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N.D. Miss.

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True the Vote v. Hosemann (Michael P. Mills, N.D. Miss. 3:14-cv-144) and True the Vote v. Hosemann (Henry T. Wingate and Nancy F. Atlas, S.D. Miss. 3:14-cv-532)
A federal complaint sought voter information to investigate the possibility of voting in a runoff senatorial primary election for one party after voting in another party’s earlier primary election. The judge who was assigned the case determined that it should have been brought in the other district, which includes the capital. A second suit there was transferred to a district in another state within the circuit because of the federal bench’s close ties with the incumbent senator, a candidate in the runoff primary election. The transferee judge dismissed claims under the National Voter Registration Act for failure to comply with the Act’s notice requirements. By the time of decision, the defendants had disclosed to the plaintiffs all of the information required by the Act anyway.
Subject: Voting irregularities. Topics: National Voter Registration Act; primary election; recusal; case assignment; attorney fees; matters for state courts.

One of many Case Studies in Emergency Election Litigation.

Available Online Only

Young v. West Point Municipal Election Commission (Michael P. Mills, N.D. Miss. 1:13-cv-99)
Five voters, including an unsuccessful incumbent in a primary election, filed a federal complaint alleging that a municipal election commission conducted a sham primary election, because the municipal party executive committee was without members and therefore could not properly convey to the election commission the authority to conduct the election. The district judge determined that the plaintiffs had not made a showing sufficient to enjoin the next day’s runoff election.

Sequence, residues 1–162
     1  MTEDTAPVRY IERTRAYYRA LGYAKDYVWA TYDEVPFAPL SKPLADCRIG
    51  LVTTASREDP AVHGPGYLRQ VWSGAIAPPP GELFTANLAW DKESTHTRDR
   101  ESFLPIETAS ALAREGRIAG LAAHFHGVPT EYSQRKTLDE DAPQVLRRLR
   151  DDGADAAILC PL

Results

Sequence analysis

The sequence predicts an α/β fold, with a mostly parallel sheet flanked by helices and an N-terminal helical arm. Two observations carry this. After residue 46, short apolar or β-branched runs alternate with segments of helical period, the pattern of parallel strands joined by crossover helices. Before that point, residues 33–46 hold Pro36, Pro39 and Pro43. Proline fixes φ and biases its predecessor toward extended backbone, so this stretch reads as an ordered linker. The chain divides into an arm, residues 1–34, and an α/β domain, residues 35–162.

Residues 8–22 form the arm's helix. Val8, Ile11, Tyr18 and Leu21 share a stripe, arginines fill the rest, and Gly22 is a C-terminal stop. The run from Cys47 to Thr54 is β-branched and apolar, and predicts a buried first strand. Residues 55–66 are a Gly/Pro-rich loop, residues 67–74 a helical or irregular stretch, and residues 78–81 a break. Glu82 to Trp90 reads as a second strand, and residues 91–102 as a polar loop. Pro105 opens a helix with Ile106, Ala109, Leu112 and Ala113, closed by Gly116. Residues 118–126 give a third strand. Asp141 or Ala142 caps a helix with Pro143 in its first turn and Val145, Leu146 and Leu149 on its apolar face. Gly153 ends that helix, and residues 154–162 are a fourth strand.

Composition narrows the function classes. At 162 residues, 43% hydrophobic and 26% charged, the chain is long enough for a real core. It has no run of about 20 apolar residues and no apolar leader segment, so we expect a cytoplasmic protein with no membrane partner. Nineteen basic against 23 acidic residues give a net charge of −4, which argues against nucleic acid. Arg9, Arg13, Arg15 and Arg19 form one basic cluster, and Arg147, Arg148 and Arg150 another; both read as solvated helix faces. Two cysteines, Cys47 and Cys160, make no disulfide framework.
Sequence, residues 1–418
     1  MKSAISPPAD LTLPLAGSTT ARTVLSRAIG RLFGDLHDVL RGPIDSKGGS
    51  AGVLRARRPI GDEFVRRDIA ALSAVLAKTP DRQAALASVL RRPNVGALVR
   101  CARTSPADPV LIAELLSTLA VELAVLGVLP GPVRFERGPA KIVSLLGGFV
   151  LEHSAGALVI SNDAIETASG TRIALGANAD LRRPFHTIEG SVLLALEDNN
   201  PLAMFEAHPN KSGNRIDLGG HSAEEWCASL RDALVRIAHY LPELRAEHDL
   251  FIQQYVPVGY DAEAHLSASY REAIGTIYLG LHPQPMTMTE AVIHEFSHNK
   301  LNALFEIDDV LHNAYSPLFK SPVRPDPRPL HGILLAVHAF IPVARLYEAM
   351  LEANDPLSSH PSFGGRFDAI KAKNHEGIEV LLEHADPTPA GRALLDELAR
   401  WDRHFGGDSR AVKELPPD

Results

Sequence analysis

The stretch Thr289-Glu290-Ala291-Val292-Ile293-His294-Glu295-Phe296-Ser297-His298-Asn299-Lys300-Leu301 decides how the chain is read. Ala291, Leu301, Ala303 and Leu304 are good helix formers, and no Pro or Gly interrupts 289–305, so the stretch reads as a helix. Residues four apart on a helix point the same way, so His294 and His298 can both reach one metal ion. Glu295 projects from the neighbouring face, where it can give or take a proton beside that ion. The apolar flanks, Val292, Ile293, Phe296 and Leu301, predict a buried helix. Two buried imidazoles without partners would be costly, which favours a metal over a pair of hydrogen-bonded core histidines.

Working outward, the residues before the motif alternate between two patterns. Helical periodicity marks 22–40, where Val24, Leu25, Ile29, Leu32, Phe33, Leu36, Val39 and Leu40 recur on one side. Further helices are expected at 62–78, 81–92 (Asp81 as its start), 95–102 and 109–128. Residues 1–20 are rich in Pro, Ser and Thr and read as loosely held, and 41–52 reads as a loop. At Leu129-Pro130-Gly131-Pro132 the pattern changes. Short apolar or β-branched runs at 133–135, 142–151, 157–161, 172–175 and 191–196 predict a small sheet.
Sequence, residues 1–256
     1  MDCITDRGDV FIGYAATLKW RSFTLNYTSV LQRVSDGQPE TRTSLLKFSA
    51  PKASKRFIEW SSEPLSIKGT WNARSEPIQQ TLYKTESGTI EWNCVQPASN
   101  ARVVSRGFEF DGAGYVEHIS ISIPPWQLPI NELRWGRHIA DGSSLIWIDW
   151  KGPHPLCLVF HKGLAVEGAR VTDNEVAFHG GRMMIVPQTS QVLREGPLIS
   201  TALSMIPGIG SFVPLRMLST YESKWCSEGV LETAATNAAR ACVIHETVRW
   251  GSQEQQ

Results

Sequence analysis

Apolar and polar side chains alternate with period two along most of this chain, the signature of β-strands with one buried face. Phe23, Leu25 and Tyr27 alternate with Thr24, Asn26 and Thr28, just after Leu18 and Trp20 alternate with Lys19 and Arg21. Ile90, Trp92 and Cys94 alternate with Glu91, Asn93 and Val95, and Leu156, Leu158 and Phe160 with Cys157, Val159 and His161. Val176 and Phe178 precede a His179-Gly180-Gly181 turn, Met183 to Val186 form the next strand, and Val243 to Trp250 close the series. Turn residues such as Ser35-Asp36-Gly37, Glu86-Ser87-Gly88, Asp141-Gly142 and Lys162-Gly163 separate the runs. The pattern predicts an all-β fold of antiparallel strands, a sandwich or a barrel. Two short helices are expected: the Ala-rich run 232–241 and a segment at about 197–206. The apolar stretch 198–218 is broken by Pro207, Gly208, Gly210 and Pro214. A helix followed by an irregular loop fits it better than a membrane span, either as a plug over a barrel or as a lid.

Topics: Enjoining elections; primary election; party procedures; case assignment.

One of many Case Studies in Emergency Election Litigation.

Available Online Only

Marascalco v. Grenada (Rhesa Barksdale, Neal B. Biggers, Jr., and Glen Davidson, N.D. Miss. 3:00-cv-61)
Ten days before a municipal election, residents of recently annexed territory filed a federal complaint seeking to halt the election in which they would not be able to vote because the Justice Department denied preclearance to the annexation. A three-judge district court heard the case six days later and denied immediate relief. The court doubted its jurisdiction over the matter and expressed concern about the filing of the complaint nearly two months after the denial of preclearance.
Subject: District lines. Topics: Enjoining elections; equal protection; three-judge court; section 5 preclearance; laches.

One of many Case Studies in Emergency Election Litigation.

Available Online Only

Tucker v. Hosemann (W. Allen Pepper, Jr., N.D. Miss. 2:10-cv-178)
A federal complaint filed 13 days before the 2010 general election alleged that election practices discriminated against black voters. According to the presiding judge, “Though it was unclear from their pleadings the exact nature of the relief sought by the plaintiffs, the court was able to pinpoint the issue during the TRO hearing *held six days after the complaint was filed+.” The judge concluded that the practice by offices of Mississippi’s secretary of state and attorney general of sending observers to federal and state elections held in Mississippi was not a new practice requiring preclearance pursuant to section 5 of the Voting Rights Act.
Topic: Section 5 preclearance.

One of many Case Studies in Emergency Election Litigation.

Available Online Only

Cunningham v. Leigh (W. Allen Pepper, Jr., N.D. Miss. 1:10-cv-49)
A federal complaint, which was filed four days before a meeting of voters to select trustees for a school district, sought an injunction requiring absentee ballots for the meeting. After a telephonic hearing two days after the complaint was filed, the district judge determined that voters do not have a fundamental right to absentee ballots, the plaintiffs had shown no discriminatory intent, and the plaintiffs’ evidence of discriminatory impact was weak, so the judge denied immediate relief.
Topic: Absentee ballots.

One of many Case Studies in Emergency Election Litigation.

In Print: Available for Distribution

At the request of the Judicial Conference Committee on Court Administration and Case Management, the Federal Judicial Center conducted a study of the use of courtrooms in the U.S. district courts. The committee requested the study in response to a November 2005 congressional subcommittee request for an empirical study of the use of federal courtrooms. The study was conducted between early 2006 and spring 2008, with data collected in twenty-six district courts during the period January 15 - July 15, 2007. For a subsequent report on bankruptcy courtroom use, see The Use of Courtrooms in U.S. Bankruptcy Courts (2010).

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